Is plasma osmolality the same as plasma tonicity?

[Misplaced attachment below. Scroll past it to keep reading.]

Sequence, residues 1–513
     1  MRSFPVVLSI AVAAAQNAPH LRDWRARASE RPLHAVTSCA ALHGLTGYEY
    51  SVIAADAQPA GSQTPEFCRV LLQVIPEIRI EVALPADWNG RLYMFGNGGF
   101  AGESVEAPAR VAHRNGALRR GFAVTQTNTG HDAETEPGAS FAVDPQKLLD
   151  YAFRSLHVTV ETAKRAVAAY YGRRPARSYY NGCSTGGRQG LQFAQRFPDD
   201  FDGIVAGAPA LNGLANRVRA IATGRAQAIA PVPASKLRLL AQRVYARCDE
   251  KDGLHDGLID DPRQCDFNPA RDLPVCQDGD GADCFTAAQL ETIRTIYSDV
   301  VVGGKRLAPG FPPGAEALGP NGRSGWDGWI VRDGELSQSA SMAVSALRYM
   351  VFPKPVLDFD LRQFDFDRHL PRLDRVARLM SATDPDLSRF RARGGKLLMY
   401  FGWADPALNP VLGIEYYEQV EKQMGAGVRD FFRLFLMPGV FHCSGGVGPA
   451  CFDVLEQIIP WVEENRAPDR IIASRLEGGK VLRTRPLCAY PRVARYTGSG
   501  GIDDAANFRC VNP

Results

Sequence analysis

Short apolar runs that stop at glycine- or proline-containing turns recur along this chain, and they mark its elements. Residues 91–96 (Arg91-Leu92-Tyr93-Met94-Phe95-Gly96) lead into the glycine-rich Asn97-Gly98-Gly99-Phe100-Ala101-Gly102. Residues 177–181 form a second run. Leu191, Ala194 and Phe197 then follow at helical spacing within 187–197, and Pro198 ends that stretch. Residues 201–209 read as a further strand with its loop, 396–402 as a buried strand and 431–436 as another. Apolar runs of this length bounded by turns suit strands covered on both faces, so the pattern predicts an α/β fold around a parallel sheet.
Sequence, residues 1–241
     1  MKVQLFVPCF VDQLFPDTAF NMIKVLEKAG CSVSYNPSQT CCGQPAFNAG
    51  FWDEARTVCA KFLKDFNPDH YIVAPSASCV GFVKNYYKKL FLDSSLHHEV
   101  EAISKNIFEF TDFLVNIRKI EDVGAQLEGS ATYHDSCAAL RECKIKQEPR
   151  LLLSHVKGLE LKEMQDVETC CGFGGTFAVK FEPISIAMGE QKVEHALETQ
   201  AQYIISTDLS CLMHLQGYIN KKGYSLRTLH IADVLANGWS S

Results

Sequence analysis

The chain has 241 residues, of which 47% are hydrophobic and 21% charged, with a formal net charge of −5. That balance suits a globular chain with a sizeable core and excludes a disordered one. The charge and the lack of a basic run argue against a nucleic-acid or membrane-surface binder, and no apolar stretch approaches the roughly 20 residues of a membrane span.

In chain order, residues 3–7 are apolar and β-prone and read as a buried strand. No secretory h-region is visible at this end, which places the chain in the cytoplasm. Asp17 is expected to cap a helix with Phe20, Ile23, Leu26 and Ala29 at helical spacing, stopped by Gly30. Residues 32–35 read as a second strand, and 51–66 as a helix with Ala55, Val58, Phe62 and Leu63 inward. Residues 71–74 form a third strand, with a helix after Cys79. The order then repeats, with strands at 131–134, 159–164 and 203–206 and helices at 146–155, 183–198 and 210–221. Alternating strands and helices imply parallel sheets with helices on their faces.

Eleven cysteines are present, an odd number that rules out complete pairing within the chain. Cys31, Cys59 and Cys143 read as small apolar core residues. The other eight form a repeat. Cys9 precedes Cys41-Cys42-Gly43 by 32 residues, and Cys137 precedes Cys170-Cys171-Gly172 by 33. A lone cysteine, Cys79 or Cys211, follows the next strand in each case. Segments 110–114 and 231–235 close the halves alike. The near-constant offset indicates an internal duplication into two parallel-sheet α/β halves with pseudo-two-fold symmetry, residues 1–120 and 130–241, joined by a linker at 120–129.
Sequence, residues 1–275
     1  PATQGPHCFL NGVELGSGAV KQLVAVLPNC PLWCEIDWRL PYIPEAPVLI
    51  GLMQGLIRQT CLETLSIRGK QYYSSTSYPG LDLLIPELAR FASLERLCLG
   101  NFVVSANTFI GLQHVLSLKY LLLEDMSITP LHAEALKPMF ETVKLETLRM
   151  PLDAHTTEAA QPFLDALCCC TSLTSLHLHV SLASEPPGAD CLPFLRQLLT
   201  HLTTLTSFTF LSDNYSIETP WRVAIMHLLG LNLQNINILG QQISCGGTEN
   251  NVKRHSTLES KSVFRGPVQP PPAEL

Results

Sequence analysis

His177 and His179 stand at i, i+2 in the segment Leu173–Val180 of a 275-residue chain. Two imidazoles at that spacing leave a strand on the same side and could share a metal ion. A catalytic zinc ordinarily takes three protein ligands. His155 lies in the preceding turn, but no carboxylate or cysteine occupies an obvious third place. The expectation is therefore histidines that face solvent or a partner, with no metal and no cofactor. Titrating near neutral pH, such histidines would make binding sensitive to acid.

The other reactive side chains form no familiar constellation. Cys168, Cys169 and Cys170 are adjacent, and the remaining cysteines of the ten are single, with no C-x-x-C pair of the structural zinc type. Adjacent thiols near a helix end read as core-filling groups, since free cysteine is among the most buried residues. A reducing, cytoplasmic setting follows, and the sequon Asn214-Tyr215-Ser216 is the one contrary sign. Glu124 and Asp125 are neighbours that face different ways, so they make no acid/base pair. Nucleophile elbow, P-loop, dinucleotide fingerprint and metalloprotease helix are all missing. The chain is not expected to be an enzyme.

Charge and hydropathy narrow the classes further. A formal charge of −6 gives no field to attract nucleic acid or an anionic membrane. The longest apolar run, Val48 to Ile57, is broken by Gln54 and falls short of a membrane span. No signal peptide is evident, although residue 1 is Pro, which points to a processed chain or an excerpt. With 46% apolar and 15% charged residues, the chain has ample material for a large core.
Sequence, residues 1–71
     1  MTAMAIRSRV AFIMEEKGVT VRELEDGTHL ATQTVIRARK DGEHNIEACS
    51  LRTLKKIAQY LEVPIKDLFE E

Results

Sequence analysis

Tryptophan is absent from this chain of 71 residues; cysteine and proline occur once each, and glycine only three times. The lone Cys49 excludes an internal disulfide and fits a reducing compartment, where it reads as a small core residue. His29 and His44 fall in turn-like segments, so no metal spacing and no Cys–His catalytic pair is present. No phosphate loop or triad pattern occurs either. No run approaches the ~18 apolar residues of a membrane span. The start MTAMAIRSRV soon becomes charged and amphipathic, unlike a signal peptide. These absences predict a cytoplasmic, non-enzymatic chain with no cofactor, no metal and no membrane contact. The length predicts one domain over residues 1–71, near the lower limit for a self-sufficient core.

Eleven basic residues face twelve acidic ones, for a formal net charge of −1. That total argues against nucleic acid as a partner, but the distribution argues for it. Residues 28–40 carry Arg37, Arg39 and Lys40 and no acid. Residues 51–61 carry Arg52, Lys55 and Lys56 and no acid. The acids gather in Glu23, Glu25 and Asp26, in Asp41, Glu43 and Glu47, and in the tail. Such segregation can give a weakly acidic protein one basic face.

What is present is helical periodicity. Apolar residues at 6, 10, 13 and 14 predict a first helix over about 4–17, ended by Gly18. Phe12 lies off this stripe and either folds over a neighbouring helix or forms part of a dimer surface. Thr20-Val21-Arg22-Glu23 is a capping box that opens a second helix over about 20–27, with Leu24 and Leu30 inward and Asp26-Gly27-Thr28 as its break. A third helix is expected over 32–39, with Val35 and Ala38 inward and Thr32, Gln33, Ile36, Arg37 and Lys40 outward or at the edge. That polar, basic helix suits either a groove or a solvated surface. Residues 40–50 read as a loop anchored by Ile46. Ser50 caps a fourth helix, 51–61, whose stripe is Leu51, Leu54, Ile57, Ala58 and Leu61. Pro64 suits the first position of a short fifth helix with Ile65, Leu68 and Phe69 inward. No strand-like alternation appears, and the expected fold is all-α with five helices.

No! While plasma hypertonicity implies hyperosmolality, hyperosmolar plasma is not necessarily hypertonic. The effective osmolality, often termed plasma tonicity, denotes the concentration of osmoles in plasma that do not move freely across the cell membrane. Such osmoles can generate concentration gradients across cell membranes and in turn drive shifts in water between the extra- and intracellular compartments. While sodium and glucose as effective osmoles contribute to tonicity, urea and ethanol are ineffective osmoles as they freely cross cell membranes. High concentrations of these latter molecules confer hyperosmolality without affecting tonicity. In the absence of ethanol or other unexpected solutes, the effective osmolality is simply the measured osmolality minus blood urea nitrogen (BUN) (mg/dL)/2.8.